Japan Chair Platform: Resolving Structural Problems in the Japanese Economy
February 13, 2008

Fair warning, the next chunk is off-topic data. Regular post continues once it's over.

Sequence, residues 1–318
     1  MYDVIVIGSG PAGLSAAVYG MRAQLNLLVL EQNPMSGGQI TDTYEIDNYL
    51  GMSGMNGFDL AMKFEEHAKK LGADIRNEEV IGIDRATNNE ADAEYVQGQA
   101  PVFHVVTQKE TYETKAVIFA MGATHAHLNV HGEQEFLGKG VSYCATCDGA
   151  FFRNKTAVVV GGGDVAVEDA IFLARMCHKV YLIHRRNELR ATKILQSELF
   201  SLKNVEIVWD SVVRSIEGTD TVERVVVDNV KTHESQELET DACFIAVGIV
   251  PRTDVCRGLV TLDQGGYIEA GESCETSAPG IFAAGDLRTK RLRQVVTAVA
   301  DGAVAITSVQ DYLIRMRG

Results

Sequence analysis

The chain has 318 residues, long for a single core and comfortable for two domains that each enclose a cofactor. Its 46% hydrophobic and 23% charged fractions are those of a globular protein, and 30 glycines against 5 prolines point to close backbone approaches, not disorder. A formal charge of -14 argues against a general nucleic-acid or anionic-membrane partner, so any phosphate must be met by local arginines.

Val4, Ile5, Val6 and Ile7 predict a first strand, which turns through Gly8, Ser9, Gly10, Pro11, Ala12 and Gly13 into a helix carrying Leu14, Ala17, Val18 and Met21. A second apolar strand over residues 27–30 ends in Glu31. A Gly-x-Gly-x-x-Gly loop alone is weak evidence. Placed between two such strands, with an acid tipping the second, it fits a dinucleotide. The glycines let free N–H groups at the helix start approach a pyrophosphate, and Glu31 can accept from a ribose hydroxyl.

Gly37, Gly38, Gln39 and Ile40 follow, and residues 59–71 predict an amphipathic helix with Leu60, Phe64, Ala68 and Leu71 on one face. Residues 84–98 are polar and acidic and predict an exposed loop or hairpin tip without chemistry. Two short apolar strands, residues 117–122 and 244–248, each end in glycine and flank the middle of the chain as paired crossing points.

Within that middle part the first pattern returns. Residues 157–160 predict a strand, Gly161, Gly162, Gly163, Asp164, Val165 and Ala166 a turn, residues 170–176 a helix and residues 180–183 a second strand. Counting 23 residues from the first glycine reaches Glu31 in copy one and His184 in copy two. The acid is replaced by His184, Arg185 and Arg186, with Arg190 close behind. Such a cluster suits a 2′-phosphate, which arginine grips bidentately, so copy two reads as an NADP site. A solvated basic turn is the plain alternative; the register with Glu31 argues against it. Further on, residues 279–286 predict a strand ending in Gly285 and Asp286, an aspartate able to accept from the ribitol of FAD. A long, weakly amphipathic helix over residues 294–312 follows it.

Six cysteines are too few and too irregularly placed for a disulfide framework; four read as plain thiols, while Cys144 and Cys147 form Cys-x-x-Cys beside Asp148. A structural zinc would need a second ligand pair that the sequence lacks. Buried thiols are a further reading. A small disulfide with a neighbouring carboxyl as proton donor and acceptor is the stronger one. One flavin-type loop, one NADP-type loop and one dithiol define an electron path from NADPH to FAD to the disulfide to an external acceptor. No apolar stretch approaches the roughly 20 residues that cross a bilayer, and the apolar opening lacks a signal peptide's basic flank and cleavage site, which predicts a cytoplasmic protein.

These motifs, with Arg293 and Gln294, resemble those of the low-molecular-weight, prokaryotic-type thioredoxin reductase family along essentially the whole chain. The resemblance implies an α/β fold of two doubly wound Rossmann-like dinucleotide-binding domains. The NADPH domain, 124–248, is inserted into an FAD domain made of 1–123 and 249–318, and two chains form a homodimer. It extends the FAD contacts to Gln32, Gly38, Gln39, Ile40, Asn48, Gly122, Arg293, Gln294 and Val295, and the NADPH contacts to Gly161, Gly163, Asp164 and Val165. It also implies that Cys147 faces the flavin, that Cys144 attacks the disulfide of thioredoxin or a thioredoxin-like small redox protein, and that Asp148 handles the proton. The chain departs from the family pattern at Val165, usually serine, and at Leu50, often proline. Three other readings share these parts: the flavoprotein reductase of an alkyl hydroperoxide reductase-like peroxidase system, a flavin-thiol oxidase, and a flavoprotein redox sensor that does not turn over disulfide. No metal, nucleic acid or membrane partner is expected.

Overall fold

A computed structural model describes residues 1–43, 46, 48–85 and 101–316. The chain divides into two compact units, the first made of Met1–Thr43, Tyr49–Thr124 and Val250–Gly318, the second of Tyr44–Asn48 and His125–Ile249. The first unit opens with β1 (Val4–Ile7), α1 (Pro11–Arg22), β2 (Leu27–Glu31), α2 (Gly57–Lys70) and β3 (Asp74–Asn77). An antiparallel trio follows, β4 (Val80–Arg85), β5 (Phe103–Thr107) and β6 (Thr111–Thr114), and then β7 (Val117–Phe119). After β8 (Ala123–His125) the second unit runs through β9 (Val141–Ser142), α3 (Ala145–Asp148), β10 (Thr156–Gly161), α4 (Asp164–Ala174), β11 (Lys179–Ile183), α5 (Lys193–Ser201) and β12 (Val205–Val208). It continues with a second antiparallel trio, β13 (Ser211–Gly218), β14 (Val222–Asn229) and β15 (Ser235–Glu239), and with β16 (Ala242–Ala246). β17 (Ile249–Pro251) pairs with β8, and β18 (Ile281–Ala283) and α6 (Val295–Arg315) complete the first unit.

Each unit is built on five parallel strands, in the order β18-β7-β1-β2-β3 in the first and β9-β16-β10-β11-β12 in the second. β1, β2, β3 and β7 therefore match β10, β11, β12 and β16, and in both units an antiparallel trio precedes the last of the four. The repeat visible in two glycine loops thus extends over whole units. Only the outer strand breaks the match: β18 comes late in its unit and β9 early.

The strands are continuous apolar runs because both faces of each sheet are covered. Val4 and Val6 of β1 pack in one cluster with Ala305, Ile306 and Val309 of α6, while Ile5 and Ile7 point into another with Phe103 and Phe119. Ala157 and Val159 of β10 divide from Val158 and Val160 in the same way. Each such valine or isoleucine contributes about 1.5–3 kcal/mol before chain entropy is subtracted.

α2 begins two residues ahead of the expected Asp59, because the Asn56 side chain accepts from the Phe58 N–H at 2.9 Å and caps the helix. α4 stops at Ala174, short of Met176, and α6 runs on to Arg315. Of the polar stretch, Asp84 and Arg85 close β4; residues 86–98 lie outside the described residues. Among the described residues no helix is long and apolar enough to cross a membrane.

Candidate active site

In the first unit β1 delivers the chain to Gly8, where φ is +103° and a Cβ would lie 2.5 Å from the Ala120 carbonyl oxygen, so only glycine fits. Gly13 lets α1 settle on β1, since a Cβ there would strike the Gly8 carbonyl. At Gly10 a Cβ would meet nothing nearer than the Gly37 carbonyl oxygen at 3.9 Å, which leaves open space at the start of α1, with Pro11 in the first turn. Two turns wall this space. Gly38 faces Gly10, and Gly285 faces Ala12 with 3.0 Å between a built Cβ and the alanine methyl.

Provincial cities in Japan have without exception fallen into a vicious cycle where population decline causes a reduction of public services, which further decreases the population and weakens local economies. This is explained by a failure to adapt to the forces of globalization, specifically price competitiveness with China and other developing economies in East Asia. About 100 years ago, the economist Alfred Weber used the term “agglomeration” to explain that reducing transportation costs was a fundamental principle in allocating resources and maximizing profits. Japan’s small- and medium-sized enterprises (SMEs), found primarily in rural areas, were once part of a national industrial structure that was based largely on that principle, but recent advances in transportation and information technology have rendered Weber’s argument obsolete. As Japan’s large firms continue to expand production networks throughout Asia, the SMEs have been left behind and are struggling to survive absent the traditional industrial model. This has created a structural problem in the economy, which the central government is trying to address with a revitalization strategy for depressed regions. Today, the key for Japan’s SMEs is innovation, which will prove essential to reducing income disparity across regions and increasing the productivity of the Japanese economy as a whole.